By Sulochana Ramiah Mohan
Chargé d’affaires of the Delegation of the European Union to Sri Lanka and the Maldives, Paul Godfrey, tells Ceylon Today that the Government of Sri Lanka set out on an ambitious agenda to fulfil its commitments to the UN resolution but unfortunately has faced several blockages and roadblocks in its progress.
“What we see is that there is a certain degree of scepticism about the changes and a certain degree of resistance in some quarters to the changes proposed. It’s up to the senior leaders of the country to reassert their control on these areas and show that progress continues, and if necessary, people who are blocking those processes are removed from their positions,” the British diplomat who has served in Brussels before coming to Sri Lanka in 2015 said.
?: What is your overall opinion and concerns about the current Unity Government of Sri Lanka?
A: The government had a very ambitious agenda when it set out, including the mandate under which President Maithripala Sirisena was elected and then the government winning in the parliamentary elections. Clearly, that was a very broad far reaching programme, and I think there was a very good progress in some areas but in the other areas, unfortunately, there have been several blockages and roadblocks along the way. We have to see if the progress in some of the areas will be maintained over the rest of the period in Office.
?: Former Foreign Minister Mangala Samaraweera was commended by the international community for the great effort he took to address the national problem in the international arena. What do you expect from the new Foreign Minister Thilak Marapana?
A: There is no doubt that Minister Mangala Samaraweera was very effective in communicating the government’s message to the international community in forums such as the United Nations and at Geneva. He was very clear and erudite. I don’t know the new Foreign Minister Marapana personally but he is an experienced politician who has held a number of ministerial posts previously and we expect he will be able to deliver some of the government’s policies that have been set out in areas such as the Geneva resolution and obviously maintaining good relations for instance with countries in the region and in Europe.
?: As soon as Marapana took Office, he made a comment that there is no room for foreign Judges participating in the special court to address alleged war crimes, which is also the view of many. Your views on this?
A: Sri Lanka made a commitment through the UN resolution which indeed Sri Lanka sponsored both back in 2015 and again this year that there would be a judicial mechanism that involves, the exact language was, ‘foreign and Commonwealth personnel’.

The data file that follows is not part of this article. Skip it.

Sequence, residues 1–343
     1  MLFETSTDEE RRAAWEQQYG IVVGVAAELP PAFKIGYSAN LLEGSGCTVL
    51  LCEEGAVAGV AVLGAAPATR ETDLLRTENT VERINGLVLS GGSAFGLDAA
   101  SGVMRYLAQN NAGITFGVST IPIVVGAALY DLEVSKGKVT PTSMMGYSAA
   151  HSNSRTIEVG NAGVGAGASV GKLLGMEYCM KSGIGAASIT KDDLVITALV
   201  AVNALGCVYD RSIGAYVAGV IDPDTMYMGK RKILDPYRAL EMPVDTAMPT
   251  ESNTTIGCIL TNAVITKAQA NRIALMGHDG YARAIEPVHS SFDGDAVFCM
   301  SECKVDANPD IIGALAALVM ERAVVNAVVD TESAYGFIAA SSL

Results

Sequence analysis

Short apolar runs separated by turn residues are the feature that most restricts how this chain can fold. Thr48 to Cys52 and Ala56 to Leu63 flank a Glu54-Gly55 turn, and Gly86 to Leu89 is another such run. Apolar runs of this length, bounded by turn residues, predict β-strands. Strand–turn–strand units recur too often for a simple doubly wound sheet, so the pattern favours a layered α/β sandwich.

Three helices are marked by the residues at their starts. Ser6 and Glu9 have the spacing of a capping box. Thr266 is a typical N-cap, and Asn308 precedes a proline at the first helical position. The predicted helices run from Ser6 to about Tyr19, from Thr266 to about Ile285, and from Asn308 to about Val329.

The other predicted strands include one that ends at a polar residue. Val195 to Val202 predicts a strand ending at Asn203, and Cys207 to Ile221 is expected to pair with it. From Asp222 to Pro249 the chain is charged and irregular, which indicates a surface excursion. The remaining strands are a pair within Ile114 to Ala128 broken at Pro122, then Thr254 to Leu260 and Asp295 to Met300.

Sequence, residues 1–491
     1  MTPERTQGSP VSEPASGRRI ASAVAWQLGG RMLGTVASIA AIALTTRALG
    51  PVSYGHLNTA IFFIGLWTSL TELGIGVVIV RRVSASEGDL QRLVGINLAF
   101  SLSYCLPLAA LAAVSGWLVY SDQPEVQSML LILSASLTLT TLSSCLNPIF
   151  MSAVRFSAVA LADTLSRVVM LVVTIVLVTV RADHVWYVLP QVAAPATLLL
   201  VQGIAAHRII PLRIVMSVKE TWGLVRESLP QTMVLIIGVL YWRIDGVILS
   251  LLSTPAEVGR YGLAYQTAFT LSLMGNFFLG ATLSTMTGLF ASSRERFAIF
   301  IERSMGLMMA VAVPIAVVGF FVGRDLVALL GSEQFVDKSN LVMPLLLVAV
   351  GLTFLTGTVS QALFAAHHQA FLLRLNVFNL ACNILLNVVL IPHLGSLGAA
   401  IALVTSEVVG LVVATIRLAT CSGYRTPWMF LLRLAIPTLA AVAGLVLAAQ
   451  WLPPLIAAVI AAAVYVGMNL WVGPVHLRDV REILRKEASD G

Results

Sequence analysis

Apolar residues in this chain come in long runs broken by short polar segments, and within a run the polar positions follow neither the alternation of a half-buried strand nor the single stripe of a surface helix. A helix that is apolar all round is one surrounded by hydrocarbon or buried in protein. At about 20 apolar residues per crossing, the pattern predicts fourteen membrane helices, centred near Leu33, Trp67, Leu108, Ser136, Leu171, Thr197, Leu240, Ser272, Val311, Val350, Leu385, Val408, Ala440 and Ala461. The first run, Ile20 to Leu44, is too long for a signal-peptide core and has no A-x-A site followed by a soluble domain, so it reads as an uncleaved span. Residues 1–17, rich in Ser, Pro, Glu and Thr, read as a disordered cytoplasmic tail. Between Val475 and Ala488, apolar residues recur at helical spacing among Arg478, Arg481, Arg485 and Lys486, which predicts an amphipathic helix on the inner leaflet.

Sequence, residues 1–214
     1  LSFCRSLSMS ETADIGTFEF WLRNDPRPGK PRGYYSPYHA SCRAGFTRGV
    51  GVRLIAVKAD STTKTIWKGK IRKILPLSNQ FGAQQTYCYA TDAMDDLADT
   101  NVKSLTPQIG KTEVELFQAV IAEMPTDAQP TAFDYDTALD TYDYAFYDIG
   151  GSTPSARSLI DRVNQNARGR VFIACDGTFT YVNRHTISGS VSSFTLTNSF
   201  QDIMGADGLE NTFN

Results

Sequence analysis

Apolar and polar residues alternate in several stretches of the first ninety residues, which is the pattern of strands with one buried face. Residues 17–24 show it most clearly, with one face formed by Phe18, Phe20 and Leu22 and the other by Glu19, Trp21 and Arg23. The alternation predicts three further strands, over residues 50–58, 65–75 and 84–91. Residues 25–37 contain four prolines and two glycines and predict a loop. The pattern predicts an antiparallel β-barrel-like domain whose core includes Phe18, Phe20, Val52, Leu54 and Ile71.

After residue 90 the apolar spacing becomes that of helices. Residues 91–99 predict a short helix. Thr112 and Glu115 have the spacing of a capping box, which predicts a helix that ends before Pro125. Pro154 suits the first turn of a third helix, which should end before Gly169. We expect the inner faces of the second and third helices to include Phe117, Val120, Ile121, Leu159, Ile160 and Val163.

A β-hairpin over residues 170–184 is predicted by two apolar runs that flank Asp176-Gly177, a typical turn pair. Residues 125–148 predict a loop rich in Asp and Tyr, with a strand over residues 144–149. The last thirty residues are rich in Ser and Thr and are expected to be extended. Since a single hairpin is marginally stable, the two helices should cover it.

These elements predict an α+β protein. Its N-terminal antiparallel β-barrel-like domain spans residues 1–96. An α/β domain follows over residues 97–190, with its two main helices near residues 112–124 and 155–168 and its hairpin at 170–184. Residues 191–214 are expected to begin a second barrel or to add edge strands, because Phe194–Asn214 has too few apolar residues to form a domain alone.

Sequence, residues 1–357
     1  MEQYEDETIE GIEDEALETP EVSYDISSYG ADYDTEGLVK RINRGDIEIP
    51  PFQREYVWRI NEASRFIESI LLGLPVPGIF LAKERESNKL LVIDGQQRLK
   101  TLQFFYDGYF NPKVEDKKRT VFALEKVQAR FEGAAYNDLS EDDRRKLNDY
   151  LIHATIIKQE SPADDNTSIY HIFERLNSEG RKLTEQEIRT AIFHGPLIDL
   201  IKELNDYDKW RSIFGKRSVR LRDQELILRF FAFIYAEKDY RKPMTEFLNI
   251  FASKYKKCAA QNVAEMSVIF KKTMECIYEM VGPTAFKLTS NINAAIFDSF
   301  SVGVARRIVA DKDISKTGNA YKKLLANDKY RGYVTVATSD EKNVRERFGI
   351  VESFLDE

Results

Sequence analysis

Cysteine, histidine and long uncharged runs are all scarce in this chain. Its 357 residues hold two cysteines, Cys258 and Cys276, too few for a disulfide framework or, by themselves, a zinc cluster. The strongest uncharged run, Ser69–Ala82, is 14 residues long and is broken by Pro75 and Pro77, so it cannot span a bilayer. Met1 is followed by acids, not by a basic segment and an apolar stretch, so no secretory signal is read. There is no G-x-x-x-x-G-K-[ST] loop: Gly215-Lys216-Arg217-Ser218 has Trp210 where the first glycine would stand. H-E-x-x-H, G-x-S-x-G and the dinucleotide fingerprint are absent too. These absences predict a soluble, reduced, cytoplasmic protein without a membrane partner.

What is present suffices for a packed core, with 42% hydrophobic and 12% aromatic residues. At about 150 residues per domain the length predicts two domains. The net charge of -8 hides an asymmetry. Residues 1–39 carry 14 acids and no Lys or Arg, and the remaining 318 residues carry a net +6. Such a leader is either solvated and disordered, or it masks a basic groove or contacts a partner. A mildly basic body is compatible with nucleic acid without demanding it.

That is what we have in book and that is what we as the international community can see as the process. Our position is that we want to see the resolution fulfilled. Our stance is not about the passports of the people involved in the process, but the process itself. What’s important is that the process should be victim-centred also recognizing the just and legitimate concerns of the victims in the process that contributes to national reconciliation. For us, it’s a fair judicial process that addresses the most serious crimes that are alleged to have happened during the conflict and afterwards. That is fundamental. It’s the healing process that provides lasting reconciliation for all Sri Lankans regardless of their backgrounds or their ethnicity. We as the international community are waiting for the government to bring forth a proposal and I think we are disappointed that we haven’t seen more progress in this area already. I was hopeful when the Office of the Missing Persons Bill was passed in August last year that we would have taken further steps by now, both to see that the Office is operationalized along with other steps such as the Truth Commission and the Office on Reparations being set up, but yet, these still seem to be on the ‘drawing board’. We hope the government will soon make clear their plans and once we receive the plans then we can look at it in detail.
?: You mentioned about judges from the Commonwealth but we have not heard anything about that lately. Are the Commonwealth judges in the framework the UNHRC‘s final say?
A: The key thing is not the passport of the personnel involved. That’s the language of the UNHRC resolution sponsored by Sri Lanka, the US, the UK and a number of other countries. The EU is not a formal member of the Council, although a number of EU Member States are, but we support the text of the resolution. That language of Commonwealth judges came from the Government of Sri Lanka. I think in terms of exactly what they have in mind – there are examples such as Sri Lankan judges in the Fiji islands which is another Commonwealth country. So there could be opportunities where there is particular expertise from other jurisdictions whether they be Commonwealth or European as those are things for the Sri Lankan Government to work out. What is important for us is the integrity of the process.
?: Did the GoSL hint at least they are going for Commonwealth judges? As of now what have you heard?